Canak Kale means “clay castle,” and this city on the Dardanelles coast in Asia Minor apparently got its name from its “specialty” in ceramics. Until the time of the revival of interest in ceramics, around 1870, Kanak Kali ceramics did not seem worthy enough for inclusion in private or ethnographic collections, let alone museum collections.

Η Sophie Bash.

Sophie Bass writes: “The animal constructions of the Greek potters at Kanakkali, whose strangeness attracted the attention of all visitors passing through Asia Minor, were essentially ridiculous.”

Ultimately, what led to the re-evaluation of Dardanelles pottery and its popularity? a lot. First of all, there is a mythological revisionist aesthetic trend known as Japonism. At the Paris International Exposition of 1878, Japan's arts were deified. The pottery in particular is distinguished by its true colors and the nature of its design.

Japanese, as a new version of it Orientalism, served as a catalyst for European Romanticism, breathing new life into popular sources and renewing interest in them. “Without the Japanese, without the little wonders that began to spread between 1875 and 1885, and which, when they fell into the midst of our vulgar tastes, first surprised and soon delighted us, then angered and disturbed us, who would have thought of becoming a potter?” The French potter wrote in 1913 William Lee (French despite the English name) in his book “L'art de lapoterie – Japan-France – Par un Potier” (The Art of Pottery – Japan-France – by the potter).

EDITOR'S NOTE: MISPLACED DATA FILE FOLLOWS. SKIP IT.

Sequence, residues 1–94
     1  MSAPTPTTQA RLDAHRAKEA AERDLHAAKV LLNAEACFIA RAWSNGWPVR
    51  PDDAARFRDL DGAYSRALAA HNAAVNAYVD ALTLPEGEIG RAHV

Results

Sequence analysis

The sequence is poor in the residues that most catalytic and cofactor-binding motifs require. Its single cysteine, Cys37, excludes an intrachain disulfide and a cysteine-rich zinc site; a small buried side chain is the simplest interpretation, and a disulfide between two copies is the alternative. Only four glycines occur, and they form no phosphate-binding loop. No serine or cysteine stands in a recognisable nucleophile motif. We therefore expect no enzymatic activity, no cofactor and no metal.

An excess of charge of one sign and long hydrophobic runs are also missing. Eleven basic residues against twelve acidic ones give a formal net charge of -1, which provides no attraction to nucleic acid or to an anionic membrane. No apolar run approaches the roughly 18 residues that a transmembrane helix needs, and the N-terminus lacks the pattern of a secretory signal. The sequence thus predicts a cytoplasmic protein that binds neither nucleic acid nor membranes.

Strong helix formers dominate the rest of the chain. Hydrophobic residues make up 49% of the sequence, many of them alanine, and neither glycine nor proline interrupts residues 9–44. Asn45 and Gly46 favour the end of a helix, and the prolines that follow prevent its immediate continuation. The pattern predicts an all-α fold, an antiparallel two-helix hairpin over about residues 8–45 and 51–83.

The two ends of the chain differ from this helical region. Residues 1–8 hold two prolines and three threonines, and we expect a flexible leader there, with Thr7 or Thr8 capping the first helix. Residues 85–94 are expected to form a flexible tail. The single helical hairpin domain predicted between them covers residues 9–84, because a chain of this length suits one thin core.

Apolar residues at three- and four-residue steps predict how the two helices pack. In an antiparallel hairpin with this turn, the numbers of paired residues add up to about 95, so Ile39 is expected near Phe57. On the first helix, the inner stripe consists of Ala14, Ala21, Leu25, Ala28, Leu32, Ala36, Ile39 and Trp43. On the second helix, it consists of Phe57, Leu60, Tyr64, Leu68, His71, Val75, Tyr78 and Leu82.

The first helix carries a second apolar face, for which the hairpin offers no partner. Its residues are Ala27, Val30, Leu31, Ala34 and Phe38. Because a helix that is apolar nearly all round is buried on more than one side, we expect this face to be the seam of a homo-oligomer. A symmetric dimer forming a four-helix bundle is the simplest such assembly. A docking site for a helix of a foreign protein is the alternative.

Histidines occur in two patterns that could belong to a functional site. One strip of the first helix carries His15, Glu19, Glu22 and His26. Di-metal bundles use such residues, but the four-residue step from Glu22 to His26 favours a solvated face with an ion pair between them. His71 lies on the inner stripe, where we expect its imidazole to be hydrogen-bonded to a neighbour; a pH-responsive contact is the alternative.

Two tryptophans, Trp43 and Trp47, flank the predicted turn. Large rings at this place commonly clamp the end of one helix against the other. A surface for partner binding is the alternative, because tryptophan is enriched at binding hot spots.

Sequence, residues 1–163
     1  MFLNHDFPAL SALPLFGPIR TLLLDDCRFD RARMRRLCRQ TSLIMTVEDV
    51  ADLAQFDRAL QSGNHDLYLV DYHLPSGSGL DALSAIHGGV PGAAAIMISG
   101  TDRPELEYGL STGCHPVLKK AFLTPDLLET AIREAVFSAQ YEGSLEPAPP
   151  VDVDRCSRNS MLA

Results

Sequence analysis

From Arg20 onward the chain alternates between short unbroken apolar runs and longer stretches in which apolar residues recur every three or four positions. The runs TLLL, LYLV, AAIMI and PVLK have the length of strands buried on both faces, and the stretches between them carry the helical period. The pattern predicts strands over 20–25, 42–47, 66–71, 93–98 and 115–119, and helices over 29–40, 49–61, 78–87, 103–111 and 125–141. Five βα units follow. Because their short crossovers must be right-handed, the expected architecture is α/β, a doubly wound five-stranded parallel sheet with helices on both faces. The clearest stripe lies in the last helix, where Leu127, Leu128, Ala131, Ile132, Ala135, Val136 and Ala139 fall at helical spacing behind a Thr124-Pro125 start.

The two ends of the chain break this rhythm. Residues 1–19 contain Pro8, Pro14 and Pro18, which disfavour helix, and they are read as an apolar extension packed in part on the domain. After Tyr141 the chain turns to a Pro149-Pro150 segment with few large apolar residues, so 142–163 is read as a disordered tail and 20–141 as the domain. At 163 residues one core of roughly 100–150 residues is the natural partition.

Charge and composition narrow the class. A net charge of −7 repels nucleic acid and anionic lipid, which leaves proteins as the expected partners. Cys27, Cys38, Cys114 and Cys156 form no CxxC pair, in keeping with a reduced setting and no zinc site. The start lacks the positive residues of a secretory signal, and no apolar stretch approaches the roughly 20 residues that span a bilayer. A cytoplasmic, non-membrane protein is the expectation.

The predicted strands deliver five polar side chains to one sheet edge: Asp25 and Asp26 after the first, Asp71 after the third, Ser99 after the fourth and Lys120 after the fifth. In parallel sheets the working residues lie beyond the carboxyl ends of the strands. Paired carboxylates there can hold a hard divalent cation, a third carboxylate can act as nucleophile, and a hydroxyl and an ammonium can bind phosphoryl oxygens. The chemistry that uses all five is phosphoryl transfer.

But were the Japanese and French Art Nouveau movements and their corresponding British Arts and Crafts movement sufficient to completely re-evaluate and restore Kanak Kale ceramics? Sophie Bass also adds the factor of archaeology, and more specifically its excavations Eric Schliemann In Troy. “Near Chanak Kali Hisarlik Hill“The pottery, which was identified with Homer's Troy, radically changed the status of this pottery, which effectively became part of the archaeological heritage,” writes Sophie Bass.

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The catalytic moment came after the first exhibition of the Treasure of Troy, which was held in 1877 and 1878 in South Kensington Museum in London London, now known as Victoria and Albert Museum. Visitors were greeted with a large vase found in Priam's supposed home.

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Sophie Bach, souvenirs from the Dardanelles, Kanak Kale ceramics, from Schliemann's excavations to Japanese,
Translated by: Ephigenia Potoropoulou, ed. to cut